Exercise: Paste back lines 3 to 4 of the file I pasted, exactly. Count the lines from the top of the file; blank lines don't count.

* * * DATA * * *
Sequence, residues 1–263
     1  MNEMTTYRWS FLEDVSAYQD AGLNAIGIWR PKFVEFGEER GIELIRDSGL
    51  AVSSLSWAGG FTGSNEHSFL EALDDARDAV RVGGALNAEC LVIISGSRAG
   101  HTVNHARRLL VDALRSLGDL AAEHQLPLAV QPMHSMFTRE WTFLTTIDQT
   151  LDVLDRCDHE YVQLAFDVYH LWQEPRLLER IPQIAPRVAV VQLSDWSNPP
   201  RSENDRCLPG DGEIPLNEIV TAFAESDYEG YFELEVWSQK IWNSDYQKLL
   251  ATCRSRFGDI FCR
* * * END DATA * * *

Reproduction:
    51  AVSSLSWAGG FTGSNEHSFL EALDDARDAV RVGGALNAEC LVIISGSRAG
   101  HTVNHARRLL VDALRSLGDL AAEHQLPLAV QPMHSMFTRE WTFLTTIDQT